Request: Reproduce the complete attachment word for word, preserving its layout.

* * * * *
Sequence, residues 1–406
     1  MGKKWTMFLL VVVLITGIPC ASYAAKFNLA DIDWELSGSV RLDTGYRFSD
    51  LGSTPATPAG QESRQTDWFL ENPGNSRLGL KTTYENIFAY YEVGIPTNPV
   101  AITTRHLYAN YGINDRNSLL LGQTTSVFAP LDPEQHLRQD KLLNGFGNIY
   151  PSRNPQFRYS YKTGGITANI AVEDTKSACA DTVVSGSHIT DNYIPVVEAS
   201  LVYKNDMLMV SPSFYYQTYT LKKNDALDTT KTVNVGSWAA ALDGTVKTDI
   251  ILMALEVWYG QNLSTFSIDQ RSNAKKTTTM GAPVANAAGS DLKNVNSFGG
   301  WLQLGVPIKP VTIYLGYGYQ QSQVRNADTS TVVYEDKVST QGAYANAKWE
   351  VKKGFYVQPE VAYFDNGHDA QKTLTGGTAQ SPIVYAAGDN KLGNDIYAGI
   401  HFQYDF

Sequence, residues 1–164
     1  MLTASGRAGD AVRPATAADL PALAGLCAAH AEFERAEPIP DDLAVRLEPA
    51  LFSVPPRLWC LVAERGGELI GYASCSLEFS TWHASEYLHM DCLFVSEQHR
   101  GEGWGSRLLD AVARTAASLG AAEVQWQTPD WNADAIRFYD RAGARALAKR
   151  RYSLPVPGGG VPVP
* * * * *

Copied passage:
Sequence, residues 1–406
     1  MGKKWTMFLL VVVLITGIPC ASYAAKFNLA DIDWELSGSV RLDTGYRFSD
    51  LGSTPATPAG QESRQTDWFL ENPGNSRLGL KTTYENIFAY YEVGIPTNPV
   101  AITTRHLYAN YGINDRNSLL LGQTTSVFAP LDPEQHLRQD KLLNGFGNIY
   151  PSRNPQFRYS YKTGGITANI AVEDTKSACA DTVVSGSHIT DNYIPVVEAS
   201  LVYKNDMLMV SPSFYYQTYT LKKNDALDTT KTVNVGSWAA ALDGTVKTDI
   251  ILMALEVWYG QNLSTFSIDQ RSNAKKTTTM GAPVANAAGS DLKNVNSFGG
   301  WLQLGVPIKP VTIYLGYGYQ QSQVRNADTS TVVYEDKVST QGAYANAKWE
   351  VKKGFYVQPE VAYFDNGHDA QKTLTGGTAQ SPIVYAAGDN KLGNDIYAGI
   401  HFQYDF

Sequence, residues 1–164
     1  MLTASGRAGD AVRPATAADL PALAGLCAAH AEFERAEPIP DDLAVRLEPA
    51  LFSVPPRLWC LVAERGGELI GYASCSLEFS TWHASEYLHM DCLFVSEQHR
   101  GEGWGSRLLD AVARTAASLG AAEVQWQTPD WNADAIRFYD RAGARALAKR
   151  RYSLPVPGGG VPVP